Finally, the day arrives when it is time to pack up the items you've gathered, and try to pack your fears away as well, shifting your focus to the days ahead. In a matter of days, you will travel to the other side of the world for him, to touch him, to hold him again, to see his smile and hear his laughter.
You try to sleep those last few nights. Knowing when you leave your bed on the day of your departure, your life will be forever changed. You stop in his room one last time and say a prayer for the days ahead.

Thursday, November 29, 2018

Welcome New Readers!

Wow!!! If you are new here today, you probably found us via the video done by Chris Ulmer from Special Books By Special Kids. Thank you so much for coming to read about us! I guess it's time for me to get this blog moving again. You'll see that I've said that many times over the last couple of years. Needless to say, we are a very busy family and it is difficult for me to find time to write. But, I will try my best! For those long-time readers who are looking for an update on the kids, here you go!!!!! Also, don't forget there will be a documentary set to release in June 2019!

Tuesday, October 16, 2018

Down Syndrome Awareness Month: Update on the adult child

It is a sad fact that I can't follow through with anything. It is amazing to me (and to Dean!) that we
have completed any adoptions because they each require a ton of paperwork and a process that must be followed in a timely manner. I guess, for a time, God had me focused more than I'm able to right now. I still intend to do the breast cancer photos, and have actually spoken with a photographer about doing a specific photo shoot. Now to carve out some time!

In the meantime, it is also Down syndrome awareness month. We have had SO much going on here lately, I thought I'd give you a little update on Angela and all that she's been up to.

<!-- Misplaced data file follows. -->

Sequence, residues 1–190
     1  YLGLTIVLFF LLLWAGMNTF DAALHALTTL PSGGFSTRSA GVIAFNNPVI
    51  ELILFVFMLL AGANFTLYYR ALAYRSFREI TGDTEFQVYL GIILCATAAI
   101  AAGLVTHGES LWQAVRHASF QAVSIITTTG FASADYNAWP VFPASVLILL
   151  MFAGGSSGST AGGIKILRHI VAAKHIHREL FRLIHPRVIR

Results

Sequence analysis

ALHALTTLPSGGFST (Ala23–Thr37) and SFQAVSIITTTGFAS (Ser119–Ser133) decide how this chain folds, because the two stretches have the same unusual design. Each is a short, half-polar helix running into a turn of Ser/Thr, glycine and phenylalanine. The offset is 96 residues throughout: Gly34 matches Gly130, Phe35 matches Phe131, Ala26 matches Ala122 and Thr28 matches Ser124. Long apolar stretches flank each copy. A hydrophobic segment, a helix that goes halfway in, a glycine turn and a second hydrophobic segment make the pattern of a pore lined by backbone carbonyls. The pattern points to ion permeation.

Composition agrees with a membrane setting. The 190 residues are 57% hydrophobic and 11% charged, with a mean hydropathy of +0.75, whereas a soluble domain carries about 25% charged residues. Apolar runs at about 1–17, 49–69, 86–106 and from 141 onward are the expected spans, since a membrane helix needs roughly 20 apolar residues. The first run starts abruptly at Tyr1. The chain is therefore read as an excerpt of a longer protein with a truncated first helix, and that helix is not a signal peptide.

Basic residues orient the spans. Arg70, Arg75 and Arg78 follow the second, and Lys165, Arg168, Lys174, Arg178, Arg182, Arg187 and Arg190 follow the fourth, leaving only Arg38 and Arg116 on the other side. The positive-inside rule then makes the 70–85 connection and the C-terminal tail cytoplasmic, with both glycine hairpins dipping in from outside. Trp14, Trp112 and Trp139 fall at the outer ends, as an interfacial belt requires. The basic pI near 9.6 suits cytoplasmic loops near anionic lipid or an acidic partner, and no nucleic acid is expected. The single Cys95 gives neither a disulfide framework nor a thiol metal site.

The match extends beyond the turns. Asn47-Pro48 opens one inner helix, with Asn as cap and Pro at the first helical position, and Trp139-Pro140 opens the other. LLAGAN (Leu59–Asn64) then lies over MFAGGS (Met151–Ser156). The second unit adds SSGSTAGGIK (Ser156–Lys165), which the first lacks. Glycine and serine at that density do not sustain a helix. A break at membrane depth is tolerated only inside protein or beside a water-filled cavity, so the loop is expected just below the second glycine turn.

A year ago Angela entered a career exploration program with a local agency called Lifeworks. They had a pilot program going called "Small Group" at different locations throughout the metro area. Angela was in a group that was based out of the St. Paul skyway system. The very first day was difficult, though probably more for me and her staff than for her. It started with Metro Mobility dropping her off way too early, so there was no staff to meet her. But when she entered at a building she saw a huge escalator that she remembered from the one visit we made months before. She went up the escalator and found the coffee shop where we had met during that visit. She remembered I told her the job coach's number was in her phone, so Angela called her. All was good, and the job coach met her right away. The next day Angela got very lost, as in 6 blocks away (but still within the skyway system.) She found herself in the Federal Courthouse, found a security guard and told him she was lost. She was quickly reunited with her group. Of course, it was the first time they had lost anyone. Leave it to my kid. UGH!  Within a couple months of starting the program Angela was navigating her way around the whole skyway system independently, and was now acting as the leader when new coworkers started the program. This is something that is difficult for most adults! She was even able to exit the skyway, then take a city bus to a specific location, and sometimes took a couple co-workers with her. She did this successfully, and without knowing she was being shadowed by an employee who was not known to her. ;-)